Aside from bridging the work of historians into the curriculum used by history teachers, Schmidt hosts a series of History Book Talks, open to all New York City social studies teachers. Over the years, he has invited many high-profile historians, including Joanne Freeman, Kevin Kruse, Julian Zelizer, and Kevin Gannon, to discuss their work with history teachers, often resulting in a lively Q&A, where both content and pedagogy are discussed. These book talks are a successful model of how to forge connection as well as collaboration between teachers and historians.

Judith Jeremie’s Students Reap the Benefits from Her Work with Other Historians 

A Brooklyn Technical High School teacher, Judith Jeremie shared that “Learning how to teach students to think like historians was definitely a learning curve.” Her greatest growth came from becoming a curriculum writer on the Passport project. She shared that her biggest challenge is to get her students to become critical thinkers. Speaking with historians who are experts in their respective fields greatly helped her with this feat. For example, she collaborated with Trevor Getz, an expert in the field of African history, and this helped her better teach the topic to her AP World History students.

Jeremie shared that attending the History Book Talks, organized by Schmidt, gives her greater depth and breadth of content, while also giving her strategies for translating it for her students so they can start thinking about the bigger picture of history. Jeremie shared her positive experiences using the Tools from the Passport curriculum: “Students loved using them(the tools) and seeing the process, especially if you show them why you are using it. They love the idea that you are including them in history-making.”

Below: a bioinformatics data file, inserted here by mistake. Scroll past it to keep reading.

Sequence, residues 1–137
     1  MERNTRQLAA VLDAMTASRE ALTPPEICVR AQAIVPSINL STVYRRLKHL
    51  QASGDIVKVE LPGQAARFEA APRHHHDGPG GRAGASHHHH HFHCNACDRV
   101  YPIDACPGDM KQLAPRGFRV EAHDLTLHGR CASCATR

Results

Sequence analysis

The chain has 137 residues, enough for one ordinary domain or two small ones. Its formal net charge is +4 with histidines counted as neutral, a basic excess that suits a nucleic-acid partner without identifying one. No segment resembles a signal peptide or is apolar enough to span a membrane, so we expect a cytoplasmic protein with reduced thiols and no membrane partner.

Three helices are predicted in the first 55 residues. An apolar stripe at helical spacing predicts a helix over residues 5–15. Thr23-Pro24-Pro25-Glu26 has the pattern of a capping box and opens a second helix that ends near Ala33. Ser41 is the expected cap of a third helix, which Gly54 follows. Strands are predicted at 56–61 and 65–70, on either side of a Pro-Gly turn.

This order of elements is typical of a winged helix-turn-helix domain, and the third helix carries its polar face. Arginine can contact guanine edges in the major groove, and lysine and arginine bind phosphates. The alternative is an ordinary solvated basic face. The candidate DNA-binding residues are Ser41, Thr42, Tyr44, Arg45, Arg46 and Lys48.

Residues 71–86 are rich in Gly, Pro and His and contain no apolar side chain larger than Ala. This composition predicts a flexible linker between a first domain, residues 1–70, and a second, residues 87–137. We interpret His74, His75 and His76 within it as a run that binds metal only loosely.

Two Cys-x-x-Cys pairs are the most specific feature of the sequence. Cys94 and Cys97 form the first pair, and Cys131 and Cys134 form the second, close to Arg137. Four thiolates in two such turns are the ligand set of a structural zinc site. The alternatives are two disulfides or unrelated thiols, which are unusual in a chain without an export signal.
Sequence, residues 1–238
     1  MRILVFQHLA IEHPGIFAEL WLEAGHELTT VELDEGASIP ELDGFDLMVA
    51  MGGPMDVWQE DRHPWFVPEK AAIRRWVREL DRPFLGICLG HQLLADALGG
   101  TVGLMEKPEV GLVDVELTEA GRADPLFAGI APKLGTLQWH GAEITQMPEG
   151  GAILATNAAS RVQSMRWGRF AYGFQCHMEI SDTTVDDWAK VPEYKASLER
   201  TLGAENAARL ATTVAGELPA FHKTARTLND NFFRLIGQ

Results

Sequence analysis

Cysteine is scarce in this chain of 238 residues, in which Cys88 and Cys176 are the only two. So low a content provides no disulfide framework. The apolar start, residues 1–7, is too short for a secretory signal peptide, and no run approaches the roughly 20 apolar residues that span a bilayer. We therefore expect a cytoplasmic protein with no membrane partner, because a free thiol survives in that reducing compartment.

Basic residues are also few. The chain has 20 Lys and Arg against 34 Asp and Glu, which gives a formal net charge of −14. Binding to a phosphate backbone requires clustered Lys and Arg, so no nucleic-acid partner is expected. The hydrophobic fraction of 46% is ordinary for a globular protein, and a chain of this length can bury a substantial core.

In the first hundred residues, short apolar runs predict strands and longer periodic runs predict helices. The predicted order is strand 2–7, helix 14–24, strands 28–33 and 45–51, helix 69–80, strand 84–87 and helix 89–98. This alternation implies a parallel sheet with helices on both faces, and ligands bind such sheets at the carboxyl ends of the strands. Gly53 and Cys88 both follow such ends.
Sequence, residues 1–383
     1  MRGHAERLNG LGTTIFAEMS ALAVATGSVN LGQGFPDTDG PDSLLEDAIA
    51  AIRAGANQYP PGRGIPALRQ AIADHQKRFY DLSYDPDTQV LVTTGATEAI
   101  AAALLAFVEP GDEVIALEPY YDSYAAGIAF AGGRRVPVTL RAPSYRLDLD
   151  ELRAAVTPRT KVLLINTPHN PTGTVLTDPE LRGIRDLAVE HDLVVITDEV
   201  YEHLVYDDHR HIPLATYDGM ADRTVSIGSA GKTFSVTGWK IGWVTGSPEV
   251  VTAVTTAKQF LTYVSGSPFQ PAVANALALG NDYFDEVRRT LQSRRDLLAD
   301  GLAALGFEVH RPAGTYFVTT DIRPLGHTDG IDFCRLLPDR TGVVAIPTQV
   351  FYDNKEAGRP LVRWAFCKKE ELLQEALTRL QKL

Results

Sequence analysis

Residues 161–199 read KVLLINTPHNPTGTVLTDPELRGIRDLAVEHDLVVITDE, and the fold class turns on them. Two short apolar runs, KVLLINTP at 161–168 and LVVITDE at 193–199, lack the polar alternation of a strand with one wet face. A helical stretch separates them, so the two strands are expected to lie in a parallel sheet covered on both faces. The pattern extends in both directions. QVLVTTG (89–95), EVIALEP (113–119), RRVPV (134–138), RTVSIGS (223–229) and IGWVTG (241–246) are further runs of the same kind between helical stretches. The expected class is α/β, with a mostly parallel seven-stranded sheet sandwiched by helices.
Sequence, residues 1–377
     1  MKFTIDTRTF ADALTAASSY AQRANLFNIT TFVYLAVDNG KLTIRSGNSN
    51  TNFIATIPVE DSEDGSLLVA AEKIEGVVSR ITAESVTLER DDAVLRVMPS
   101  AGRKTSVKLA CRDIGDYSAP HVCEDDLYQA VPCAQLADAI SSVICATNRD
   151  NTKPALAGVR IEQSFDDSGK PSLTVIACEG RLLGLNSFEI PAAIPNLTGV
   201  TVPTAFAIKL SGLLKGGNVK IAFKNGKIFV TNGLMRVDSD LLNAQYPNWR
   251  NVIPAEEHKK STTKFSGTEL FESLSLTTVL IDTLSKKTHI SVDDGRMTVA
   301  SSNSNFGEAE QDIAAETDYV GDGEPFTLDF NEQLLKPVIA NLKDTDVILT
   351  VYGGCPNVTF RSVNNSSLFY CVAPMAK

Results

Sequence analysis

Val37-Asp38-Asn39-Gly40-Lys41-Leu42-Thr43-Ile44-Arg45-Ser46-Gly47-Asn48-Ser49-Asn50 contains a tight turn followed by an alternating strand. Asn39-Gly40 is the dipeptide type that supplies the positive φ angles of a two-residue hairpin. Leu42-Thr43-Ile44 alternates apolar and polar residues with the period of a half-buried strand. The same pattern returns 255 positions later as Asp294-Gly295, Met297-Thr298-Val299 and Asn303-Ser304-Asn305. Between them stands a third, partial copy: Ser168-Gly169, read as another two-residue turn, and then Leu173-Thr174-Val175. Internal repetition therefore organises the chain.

Trevor Getz’s Inside Scoop on How the “Economy of the Academy” is Affecting Pedagogy

Speaking of Trevor Getz (“Historians Taking Education Seriously”), he was the final presenter on the panel. As a history professor, he was able to provide more insight as to why pedagogy is often ignored at the university level. He shared that he thought he was a good teacher based solely on the fact that his “student evaluation scores were high.” Getz did not really “engage with history education” until getting involved with the development of the New York City Department of Education Passport curriculum. Only in that capacity did Getz begin learning about backward-design and the other mainstays of curriculum development. He revealed: “We (as college faculty) get very little professional development.” In fact, if a college professor does end up getting sent to a PD in pedagogy, it is punishment for low student evaluation scores.

Getz explained that integral to understanding why pedagogy is essentially ignored at the university level, one must understand the “economy of the academy”: a system solely based on getting your research published, in particular “the monograph.” As long as you have reasonable teacher evaluation scores, your main focus in academia is based around your research. This system makes it so that historians do not value conversations with teachers where they can talk and learn about pedagogy. Since there is little to no interaction between the two parties, the survey courses taught at the college level “deviate very little from high school standards.” For the most part, professors do not take into account what students might have already learned in high school.” What ends up happening is that the history survey courses are a terrible introduction to learning about history on the college level. Getz concluded his remarks with this important point: “Without vertical integration between teachers and university faculty, we do not get a sense of how to move from 9-12 to 13-16 grades.”

Before opening the panel up to questions, and comments, from a highly engaged audience, Joe Schmidt asked each panel member to answer this question:

“What is history education?”

Jeremie shared that it involves sharing how historians write about history as a launch point so her students can ultimately model and produce their own writing.

Getz explained that until a cultural shift happens at the college and university level, professors won’t deviate from the existing system. However, he cited AHA’s Gateway Project as being at the forefront of change.